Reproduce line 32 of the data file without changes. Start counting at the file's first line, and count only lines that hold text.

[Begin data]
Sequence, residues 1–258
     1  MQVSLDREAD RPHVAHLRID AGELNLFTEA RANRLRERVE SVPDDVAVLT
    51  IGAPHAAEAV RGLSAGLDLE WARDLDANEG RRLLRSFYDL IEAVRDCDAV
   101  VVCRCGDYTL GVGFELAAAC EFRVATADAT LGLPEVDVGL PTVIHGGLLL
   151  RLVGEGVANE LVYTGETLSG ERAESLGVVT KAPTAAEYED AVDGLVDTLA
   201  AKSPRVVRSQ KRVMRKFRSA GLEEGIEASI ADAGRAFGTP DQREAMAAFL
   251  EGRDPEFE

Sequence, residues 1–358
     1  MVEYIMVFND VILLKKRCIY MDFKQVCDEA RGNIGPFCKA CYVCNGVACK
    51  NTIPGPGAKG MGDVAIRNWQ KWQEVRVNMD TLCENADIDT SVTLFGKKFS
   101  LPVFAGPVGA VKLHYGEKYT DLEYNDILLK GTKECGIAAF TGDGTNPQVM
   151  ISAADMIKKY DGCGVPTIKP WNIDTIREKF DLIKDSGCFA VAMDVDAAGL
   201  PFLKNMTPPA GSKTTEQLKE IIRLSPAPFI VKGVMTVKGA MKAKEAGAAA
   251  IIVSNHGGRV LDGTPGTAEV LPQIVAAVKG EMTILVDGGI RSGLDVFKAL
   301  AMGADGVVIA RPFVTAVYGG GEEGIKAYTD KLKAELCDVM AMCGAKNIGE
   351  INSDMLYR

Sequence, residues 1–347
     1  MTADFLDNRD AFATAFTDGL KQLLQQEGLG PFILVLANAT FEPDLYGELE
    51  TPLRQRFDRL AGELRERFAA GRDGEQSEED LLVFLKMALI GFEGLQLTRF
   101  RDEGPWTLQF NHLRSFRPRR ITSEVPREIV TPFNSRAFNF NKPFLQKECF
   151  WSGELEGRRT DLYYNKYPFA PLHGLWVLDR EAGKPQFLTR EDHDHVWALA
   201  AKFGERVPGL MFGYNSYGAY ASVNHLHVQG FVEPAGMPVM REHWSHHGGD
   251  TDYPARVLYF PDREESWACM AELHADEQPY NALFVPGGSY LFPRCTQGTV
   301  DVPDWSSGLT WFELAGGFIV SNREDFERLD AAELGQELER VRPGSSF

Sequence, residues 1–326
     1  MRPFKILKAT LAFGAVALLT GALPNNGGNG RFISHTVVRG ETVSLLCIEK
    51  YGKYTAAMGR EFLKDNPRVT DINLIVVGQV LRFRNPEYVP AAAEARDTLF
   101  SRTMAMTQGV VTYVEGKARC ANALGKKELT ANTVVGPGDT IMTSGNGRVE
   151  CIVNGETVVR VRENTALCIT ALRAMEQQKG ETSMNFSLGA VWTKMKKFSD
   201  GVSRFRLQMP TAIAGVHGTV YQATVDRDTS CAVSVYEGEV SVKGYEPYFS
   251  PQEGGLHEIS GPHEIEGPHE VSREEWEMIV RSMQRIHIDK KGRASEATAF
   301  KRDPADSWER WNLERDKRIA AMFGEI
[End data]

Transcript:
   301  KRDPADSWER WNLERDKRIA AMFGEI